The HIPAA Security Rule requires that any data recorded on electronic media must also be disposed of properly. Any electronic media that contains PHI will be overwritten with information that is not of a sensitive nature or exposed to a magnetic field of sufficient strength to disrupt the recorded data. The therapist may also physically destroy the disks or tapes by melting, shredding, incinerating or pulverizing them. Only after the media is rendered unreadable may such media be placed in an accessible dumpster or trash can. Tapes, disks and computers may be reused if all protected information is first purged from the media, hardware or software that held the data.
VIII. Your Individual Rights
A. Right to Receive Confidential Communications: We will communicate with you through the phone number, street address, or email address that you provide. You may request, and we will accommodate, any reasonable, written request for you to receive your protected health information by alternative means of communication or at alternative locations.
B. Right to Request Additional Restrictions: You may request restrictions on our use and disclosure of protected health information for treatment, payment and health care operations. We will consider all requests for additional restrictions carefully however; we are not required to comply with requested restrictions. If you wish to request additional restrictions and you are currently receiving services, please contact your therapist. Once you are no longer receiving services, contact our organization in writing. We will send you a written response.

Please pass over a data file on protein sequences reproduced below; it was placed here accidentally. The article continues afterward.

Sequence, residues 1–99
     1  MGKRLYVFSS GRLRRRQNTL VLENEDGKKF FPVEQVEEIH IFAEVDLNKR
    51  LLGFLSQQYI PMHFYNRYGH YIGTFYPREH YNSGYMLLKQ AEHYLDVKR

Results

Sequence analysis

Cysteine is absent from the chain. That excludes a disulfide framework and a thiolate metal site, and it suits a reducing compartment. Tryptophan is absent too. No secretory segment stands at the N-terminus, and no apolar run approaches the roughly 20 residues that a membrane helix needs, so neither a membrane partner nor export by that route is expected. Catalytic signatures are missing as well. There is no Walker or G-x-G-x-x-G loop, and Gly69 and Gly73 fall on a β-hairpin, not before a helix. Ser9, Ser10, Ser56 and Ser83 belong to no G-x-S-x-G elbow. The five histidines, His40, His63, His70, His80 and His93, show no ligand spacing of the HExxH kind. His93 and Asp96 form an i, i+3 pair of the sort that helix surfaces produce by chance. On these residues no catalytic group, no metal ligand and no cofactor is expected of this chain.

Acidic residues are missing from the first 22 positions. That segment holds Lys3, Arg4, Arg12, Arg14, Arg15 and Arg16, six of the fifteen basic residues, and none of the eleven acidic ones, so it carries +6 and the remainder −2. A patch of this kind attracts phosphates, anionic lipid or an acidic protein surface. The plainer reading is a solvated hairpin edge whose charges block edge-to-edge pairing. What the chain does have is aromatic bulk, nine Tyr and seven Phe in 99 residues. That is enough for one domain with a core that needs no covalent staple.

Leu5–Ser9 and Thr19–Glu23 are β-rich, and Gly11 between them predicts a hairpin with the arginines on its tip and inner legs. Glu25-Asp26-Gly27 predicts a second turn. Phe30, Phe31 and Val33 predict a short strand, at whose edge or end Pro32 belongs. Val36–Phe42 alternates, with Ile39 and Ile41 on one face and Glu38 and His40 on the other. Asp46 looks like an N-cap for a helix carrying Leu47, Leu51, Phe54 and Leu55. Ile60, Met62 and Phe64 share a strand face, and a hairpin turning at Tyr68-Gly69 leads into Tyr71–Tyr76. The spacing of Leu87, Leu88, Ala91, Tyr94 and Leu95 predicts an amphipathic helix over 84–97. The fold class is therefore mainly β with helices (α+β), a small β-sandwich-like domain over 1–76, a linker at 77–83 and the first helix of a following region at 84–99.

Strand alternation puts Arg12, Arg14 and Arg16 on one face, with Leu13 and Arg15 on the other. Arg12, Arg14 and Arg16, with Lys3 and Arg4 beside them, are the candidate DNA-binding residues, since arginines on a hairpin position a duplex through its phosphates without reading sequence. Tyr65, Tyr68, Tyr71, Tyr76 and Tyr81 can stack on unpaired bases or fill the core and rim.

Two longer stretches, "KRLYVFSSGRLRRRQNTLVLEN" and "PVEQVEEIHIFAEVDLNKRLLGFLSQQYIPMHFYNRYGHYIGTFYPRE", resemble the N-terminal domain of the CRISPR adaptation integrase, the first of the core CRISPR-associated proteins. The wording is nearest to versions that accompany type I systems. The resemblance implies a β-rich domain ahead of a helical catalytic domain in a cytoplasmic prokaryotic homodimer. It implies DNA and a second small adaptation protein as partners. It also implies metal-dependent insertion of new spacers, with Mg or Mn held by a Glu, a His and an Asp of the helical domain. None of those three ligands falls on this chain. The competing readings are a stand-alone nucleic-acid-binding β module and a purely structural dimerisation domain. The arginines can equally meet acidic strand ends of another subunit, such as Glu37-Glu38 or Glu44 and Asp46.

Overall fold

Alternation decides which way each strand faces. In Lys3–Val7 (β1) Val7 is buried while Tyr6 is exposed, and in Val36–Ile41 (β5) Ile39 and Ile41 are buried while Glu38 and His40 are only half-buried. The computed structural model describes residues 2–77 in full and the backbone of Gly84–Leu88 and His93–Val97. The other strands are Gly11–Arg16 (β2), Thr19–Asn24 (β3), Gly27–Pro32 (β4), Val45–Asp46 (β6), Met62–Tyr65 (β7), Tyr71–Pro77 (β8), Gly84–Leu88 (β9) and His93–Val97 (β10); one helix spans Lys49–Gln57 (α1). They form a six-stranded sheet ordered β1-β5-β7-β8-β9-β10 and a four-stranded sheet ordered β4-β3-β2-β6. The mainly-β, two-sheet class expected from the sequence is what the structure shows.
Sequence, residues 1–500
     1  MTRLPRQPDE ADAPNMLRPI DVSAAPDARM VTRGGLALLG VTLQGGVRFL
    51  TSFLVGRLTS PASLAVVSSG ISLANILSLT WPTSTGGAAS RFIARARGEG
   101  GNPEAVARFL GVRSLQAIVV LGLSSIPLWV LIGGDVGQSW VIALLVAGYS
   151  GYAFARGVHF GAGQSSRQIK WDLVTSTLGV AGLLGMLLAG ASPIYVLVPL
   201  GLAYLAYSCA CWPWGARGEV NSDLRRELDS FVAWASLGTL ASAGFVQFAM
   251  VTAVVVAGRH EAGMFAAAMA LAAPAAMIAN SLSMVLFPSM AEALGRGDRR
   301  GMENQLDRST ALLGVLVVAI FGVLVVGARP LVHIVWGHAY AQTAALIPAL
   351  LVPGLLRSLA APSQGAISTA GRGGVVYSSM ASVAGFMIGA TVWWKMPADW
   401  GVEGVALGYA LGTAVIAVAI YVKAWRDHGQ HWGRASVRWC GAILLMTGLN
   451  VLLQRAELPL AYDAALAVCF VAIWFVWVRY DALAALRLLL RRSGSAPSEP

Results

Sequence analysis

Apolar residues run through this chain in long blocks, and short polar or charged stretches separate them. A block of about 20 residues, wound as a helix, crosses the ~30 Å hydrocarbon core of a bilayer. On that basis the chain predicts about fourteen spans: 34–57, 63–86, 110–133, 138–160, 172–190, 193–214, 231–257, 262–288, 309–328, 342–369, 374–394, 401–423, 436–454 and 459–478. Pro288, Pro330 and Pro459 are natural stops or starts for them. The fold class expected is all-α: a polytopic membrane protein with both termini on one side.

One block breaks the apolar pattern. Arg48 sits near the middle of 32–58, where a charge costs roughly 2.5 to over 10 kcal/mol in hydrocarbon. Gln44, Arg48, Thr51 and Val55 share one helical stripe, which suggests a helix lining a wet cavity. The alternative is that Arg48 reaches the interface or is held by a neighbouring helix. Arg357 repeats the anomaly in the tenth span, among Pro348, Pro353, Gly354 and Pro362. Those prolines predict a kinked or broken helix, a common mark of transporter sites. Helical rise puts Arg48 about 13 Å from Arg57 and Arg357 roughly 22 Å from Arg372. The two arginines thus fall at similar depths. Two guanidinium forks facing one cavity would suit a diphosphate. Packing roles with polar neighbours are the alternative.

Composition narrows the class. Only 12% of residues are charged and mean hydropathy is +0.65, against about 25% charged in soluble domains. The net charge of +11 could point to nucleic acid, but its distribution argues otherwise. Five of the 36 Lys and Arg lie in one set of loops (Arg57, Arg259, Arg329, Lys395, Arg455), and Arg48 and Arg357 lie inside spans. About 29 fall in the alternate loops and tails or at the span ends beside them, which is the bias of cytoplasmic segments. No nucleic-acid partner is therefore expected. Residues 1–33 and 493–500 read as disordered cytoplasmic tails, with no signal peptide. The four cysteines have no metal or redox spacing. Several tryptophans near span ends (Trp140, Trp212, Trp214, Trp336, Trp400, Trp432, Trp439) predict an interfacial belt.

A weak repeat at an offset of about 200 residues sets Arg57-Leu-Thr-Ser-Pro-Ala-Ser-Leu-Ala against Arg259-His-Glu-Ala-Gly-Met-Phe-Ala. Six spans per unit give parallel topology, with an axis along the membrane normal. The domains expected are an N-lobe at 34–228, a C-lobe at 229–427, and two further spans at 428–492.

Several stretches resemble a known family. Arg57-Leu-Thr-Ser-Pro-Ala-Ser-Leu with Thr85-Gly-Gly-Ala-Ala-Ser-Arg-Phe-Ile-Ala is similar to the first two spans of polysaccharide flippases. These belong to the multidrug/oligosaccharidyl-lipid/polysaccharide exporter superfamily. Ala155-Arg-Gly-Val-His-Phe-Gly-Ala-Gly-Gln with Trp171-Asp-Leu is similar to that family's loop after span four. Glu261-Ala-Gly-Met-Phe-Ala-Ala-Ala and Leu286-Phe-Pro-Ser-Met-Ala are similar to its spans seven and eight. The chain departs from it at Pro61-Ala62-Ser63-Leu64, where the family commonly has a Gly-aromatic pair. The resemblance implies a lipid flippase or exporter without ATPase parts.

C. Right to Inspect and Copy Your Health Information: You may request access to your clinical file and billing records maintained by us in order to inspect and request copies of the records. Under limited circumstances, we may deny you access to a portion of your records. If you desire access to your records and you are currently receiving services, please ask your therapist for the records. Once you are no longer receiving services, contact our organization in writing. If you request a copy of your record, you may receive it in digital format. If you request a paper copy, there will be a charge for each page copied and you will be told the cost prior to the copies being made.